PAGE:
Strong opinions, somewhat weakly held

We finally have a dedicated, in-house AdWords pro. With algorithms, monitoring, and tools, each of which change regularly, it’s a full-time job to do it right. (We’re using Hubspot too; I’ll let you know how that goes.)

Part of a successful AdWords campaign is perfecting the landing page — the place you go when you click the ad. The landing page is tuned to match the ad text, not only to entice potential customers but also because your AdWord placement depends on the relevance of its content.

So our AdWords pro has been giving us advice on the messaging for the landing pages. Specifically, he’s been asking us to change our marketing message that has worked so well for us on the web, in print, at tradeshows, and in demos.

I don’t have a problem with criticism — the purpose of our software is to generate criticism — but do we allow an “outsider” with no context to change our proven text?

Maybe so. A fundamental tenent of Smart Bear and my life in general is to have strong opinions, weakly held. This phrase, promulgated by Paul Saffo and echoed by many others, summarizes the attitude that conviction, while necessary for action, must be tempered with a constant search for disproof. Being wishy-washy is an impediment to inspiring people, working towards a goal, and getting things done, but turning a blind eye to contrary evidence is irresponsible and even dishonest.

With this in mind, a stranger unencumbered by our history and biases might provide the insight we need to disprove some marketing assumptions and freshen our content! New perspectives add depth. We can only improve; we shouldn’t cling to ideas just because they’re venerable.

Or maybe not. Ted Matthews argues that branding doesn’t work unless you stick to your guns. New hires are quick to suggest change without understanding the battle that went into the decision. It’s just like wanting to rewrite an application because of a little ugly code. Our messaging was honed by field tests, listening to customers, and hours of debate; how can we allow everything to change because of new person with almost no understanding of our product, customers, or competitors?

The way to reconcile these two forces is to see that “weakly” in “weakly held” can be modified depending on the origin of the original opinion.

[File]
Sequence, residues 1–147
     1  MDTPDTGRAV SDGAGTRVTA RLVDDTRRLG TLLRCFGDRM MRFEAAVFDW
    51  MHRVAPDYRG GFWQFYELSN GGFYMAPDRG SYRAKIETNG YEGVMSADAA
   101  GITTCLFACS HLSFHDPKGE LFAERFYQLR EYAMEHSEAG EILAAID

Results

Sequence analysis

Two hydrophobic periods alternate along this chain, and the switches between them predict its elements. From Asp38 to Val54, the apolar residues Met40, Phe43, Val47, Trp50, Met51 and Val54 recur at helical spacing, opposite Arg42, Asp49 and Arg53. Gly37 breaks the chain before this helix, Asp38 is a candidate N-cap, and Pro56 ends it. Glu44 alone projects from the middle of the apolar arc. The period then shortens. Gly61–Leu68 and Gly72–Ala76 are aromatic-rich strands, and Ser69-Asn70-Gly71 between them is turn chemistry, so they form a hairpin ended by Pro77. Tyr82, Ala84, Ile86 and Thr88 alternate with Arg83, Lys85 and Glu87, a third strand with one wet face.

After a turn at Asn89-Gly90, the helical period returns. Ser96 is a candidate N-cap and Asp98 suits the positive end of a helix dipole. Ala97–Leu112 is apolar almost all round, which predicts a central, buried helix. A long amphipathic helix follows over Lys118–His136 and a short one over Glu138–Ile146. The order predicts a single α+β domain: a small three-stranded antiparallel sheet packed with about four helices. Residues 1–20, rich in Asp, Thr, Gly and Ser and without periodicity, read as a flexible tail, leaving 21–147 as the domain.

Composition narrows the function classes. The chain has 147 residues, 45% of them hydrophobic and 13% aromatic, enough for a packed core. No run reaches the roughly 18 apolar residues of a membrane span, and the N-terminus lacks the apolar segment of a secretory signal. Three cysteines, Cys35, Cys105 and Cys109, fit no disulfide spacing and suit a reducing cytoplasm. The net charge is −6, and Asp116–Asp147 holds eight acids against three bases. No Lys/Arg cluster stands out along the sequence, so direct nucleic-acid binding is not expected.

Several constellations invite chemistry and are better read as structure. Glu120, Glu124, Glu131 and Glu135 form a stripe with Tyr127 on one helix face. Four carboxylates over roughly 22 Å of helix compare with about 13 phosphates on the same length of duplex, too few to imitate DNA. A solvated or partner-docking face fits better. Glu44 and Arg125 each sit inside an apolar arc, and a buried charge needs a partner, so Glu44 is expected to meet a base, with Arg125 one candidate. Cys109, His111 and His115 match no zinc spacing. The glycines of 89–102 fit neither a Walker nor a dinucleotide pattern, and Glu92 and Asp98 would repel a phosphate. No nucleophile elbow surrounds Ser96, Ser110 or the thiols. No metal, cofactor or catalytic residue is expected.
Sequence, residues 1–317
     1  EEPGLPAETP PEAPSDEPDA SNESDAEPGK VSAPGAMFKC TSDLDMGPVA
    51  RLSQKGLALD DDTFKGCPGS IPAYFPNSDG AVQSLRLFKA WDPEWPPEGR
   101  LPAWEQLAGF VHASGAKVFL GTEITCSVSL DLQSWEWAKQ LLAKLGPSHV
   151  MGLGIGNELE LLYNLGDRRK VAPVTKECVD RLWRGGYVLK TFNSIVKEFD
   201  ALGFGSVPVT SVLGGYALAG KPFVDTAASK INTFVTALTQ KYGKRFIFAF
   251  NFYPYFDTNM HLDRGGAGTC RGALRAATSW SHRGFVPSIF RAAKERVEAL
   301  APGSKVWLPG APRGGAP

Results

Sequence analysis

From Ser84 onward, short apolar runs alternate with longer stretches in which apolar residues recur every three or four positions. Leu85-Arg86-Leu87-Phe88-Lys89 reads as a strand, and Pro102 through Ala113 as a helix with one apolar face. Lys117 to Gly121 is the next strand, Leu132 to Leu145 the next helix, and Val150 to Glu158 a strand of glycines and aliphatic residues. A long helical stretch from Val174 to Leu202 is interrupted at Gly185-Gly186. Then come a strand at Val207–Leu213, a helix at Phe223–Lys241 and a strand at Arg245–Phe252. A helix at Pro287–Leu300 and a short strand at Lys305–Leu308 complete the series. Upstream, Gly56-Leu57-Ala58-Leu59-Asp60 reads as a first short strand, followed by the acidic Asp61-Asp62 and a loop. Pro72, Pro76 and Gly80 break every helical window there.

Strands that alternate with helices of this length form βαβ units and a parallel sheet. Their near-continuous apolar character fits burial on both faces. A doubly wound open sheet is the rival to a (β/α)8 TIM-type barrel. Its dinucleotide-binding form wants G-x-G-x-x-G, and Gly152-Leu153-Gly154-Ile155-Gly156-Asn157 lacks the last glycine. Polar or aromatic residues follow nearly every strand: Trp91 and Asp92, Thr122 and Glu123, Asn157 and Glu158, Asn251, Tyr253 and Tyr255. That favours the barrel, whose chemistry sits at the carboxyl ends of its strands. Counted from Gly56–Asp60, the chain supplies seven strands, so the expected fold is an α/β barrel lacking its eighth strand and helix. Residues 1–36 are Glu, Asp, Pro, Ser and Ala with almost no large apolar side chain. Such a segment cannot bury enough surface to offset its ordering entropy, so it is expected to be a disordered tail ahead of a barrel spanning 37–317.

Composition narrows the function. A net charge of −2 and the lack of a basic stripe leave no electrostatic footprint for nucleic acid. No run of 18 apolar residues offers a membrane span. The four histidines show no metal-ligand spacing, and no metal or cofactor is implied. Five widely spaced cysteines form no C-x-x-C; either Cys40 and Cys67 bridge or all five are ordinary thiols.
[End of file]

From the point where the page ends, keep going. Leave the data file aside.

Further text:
On one end of the spectrum, some opinions were made without consideration. Why do we have a “Resources” web page separate from an “External Articles” page? No reason, it just ended up like that. So if someone else has a different idea and some rationale behind it, make the change.

On the other end, some opinions — like our marketing messages — were forged with a great deal of consideration. Everyone in the office (and beyond) brainstormed ideas, vetoed concepts, defended theories, and crafted phrases over many years. We’ve gone through iterations, measuring success objectively (e.g. AdWords conversion rates) and subjectively (e.g. reactions when giving talks at conferences).

This kind of opinion shouldn’t be changed flippantly. If it deserved this much consideration before, it deserves the same consideration now. Perhaps more.

Still I disagree with Ted. You can’t use “branding” as a shield against good ideas no matter how entrenched the old ones. But when the existing ideas are proven, when great works have molded them, new ideas should be challenged with proportionally high standards.

Be ready to change with reason, but don’t change for no reason.

Do you have an example of where “Strong opinions weakly held” applied (or should have applied)?  Leave a comment!

, , , ,

  • http://www.my-foreclosures.info Betty

    I recently came across your blog and have been reading along. I thought I would leave my first comment. I don’t know what to say except that I have enjoyed reading. Nice blog. I will keep visiting this blog very often.